With Mexico’s economy in deep recession, tourism is suffering the biggest hit of any sector of the economy.
In fact, tourism industry in Mexico is in the middle of a crisis.
According to the country’s Chamber of Tourism, the industry has lost 10.6% of its value in 2016.
And the loss has only been compounded by a massive decline in international tourism revenue, according to the Mexican government.
Tourism is the biggest economic driver in Mexico and contributes about 10% of the countrys total gross domestic product.
But in the past decade, tourism revenue has fallen from an estimated $5.7 billion in 2008 to just $1.8 billion in 2016, according the government.
The loss in tourism revenues is not only impacting Mexico’s tourism industry.
A study released by the Center for Strategic and International Studies (CSIS) said that Mexico’s economic growth is in danger of becoming a “recession-induced” depression.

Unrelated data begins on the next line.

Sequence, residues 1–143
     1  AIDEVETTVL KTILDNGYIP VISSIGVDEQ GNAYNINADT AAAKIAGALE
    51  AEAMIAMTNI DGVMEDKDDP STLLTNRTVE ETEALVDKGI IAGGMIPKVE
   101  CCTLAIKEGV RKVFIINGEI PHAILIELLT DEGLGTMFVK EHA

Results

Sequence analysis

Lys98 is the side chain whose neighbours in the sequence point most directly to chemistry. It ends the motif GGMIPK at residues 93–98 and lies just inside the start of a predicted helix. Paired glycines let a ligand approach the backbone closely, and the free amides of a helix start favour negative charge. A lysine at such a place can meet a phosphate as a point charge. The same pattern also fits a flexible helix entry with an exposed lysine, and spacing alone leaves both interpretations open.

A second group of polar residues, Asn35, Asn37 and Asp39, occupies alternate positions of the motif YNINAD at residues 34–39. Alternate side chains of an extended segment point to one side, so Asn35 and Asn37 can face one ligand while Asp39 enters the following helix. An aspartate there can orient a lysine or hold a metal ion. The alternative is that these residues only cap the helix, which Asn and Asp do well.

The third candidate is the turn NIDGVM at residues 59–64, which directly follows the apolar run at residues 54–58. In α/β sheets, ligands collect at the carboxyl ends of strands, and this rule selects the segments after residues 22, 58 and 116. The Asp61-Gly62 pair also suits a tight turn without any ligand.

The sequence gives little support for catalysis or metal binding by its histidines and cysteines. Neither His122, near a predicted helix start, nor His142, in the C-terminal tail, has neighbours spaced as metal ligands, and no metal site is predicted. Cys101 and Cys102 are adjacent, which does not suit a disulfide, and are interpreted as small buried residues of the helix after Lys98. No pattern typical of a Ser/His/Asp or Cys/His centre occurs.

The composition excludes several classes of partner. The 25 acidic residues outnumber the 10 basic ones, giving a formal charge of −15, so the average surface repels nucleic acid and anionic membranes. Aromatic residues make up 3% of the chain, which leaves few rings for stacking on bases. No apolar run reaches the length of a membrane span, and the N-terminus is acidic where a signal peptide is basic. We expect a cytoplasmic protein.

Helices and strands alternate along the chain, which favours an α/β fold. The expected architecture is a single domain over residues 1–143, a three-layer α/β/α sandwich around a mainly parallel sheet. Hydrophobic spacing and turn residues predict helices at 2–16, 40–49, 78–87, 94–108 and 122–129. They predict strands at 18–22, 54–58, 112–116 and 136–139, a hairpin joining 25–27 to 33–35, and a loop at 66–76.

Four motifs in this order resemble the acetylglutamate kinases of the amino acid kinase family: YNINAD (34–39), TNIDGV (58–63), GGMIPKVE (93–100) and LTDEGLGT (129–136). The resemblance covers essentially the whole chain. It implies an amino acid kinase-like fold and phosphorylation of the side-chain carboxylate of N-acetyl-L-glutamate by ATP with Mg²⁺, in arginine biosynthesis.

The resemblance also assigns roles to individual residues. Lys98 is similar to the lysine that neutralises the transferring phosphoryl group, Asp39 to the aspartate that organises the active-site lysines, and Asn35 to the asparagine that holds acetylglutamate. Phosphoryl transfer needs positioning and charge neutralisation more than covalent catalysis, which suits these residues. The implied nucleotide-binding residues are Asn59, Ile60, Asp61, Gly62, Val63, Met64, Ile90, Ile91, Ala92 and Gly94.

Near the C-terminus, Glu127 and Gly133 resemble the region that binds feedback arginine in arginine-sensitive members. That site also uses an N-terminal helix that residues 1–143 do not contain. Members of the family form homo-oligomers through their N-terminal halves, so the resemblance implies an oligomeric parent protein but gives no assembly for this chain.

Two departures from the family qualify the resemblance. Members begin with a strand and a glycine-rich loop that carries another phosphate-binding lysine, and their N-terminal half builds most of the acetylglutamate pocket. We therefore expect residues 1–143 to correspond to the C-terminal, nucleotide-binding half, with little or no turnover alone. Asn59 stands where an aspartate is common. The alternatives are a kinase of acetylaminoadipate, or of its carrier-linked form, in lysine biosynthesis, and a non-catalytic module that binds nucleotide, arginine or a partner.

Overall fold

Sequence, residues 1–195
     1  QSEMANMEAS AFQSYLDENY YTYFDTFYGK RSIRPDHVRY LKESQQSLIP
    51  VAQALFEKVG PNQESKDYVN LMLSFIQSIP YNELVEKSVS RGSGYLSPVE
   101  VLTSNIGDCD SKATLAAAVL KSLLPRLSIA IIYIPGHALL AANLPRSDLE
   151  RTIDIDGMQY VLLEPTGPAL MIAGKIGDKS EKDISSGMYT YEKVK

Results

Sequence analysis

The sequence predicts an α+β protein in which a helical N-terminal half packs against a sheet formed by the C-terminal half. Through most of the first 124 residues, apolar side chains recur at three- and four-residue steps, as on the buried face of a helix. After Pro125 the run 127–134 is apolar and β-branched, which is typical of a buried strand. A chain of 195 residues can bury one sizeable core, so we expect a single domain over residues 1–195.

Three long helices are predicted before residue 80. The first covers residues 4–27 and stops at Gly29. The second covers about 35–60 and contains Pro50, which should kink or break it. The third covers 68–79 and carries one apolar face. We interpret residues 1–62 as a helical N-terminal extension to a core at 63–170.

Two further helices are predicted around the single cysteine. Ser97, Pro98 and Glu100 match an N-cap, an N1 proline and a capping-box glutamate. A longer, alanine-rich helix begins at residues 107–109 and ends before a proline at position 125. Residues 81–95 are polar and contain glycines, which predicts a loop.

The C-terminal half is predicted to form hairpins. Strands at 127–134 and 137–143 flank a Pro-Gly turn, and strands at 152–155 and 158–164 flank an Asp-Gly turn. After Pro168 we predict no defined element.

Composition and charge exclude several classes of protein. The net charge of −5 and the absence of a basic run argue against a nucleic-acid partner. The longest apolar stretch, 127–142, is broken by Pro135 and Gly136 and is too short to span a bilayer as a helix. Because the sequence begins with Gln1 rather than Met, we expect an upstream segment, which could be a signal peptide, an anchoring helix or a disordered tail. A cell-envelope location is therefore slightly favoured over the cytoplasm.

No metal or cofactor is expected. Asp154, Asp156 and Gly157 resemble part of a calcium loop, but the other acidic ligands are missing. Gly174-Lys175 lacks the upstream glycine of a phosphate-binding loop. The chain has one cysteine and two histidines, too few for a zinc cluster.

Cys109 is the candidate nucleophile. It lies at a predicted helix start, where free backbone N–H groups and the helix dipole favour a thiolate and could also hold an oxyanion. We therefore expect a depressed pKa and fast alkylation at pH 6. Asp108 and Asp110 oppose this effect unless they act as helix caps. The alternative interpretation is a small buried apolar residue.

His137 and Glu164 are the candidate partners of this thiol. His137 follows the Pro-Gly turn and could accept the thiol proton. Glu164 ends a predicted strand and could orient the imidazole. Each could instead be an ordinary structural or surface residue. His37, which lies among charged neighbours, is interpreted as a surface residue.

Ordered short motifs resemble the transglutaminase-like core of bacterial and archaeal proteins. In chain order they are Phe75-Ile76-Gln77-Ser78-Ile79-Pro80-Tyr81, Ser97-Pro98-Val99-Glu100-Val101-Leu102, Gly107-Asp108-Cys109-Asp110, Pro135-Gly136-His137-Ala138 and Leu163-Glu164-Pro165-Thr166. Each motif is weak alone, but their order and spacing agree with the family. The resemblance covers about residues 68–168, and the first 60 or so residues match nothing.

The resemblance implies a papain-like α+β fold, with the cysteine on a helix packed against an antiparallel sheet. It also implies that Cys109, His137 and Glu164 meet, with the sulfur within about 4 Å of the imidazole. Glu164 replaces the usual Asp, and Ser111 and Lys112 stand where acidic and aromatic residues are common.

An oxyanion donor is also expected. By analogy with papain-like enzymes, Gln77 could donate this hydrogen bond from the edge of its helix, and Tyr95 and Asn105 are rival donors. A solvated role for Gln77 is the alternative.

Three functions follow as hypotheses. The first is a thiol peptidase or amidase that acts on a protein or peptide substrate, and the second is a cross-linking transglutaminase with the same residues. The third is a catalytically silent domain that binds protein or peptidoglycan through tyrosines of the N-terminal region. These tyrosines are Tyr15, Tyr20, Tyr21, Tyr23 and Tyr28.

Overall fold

In particular, the decline in tourism revenue is expected to have a “severe negative impact on Mexico’s current account” and the country will lose almost $8 trillion in its economy, according CSIS.
The Mexican economy is expected hit by another recession in 2021, according analysts at the Instituto Nacional de Estudios de Economía y Tecnología (INET) who noted that “the economy is in a severe recession.”
Mexico has the second largest tourism industry after China and is ranked second in the world for tourism spending per capita.
According to the Ministry of Tourism and Culture, the tourism industry has grown by 3.2% annually since 2008, but its current rate of growth is expected fall to 0.8% this year and then rise to 0% in 2021.
In addition, the Mexican Chamber of Commerce is predicting a $20 billion loss in the tourism sector in 2021 due to the economic downturn.
The economic crisis in Mexico has forced many companies to cut jobs and reduce their workforce.
And while the economy is still recovering from the recession, the economic outlook for Mexico is still grim.
The International Monetary Fund said in a recent report that Mexico is facing a “serious structural recession” that will lead to a sharp drop in its growth rate by 2019.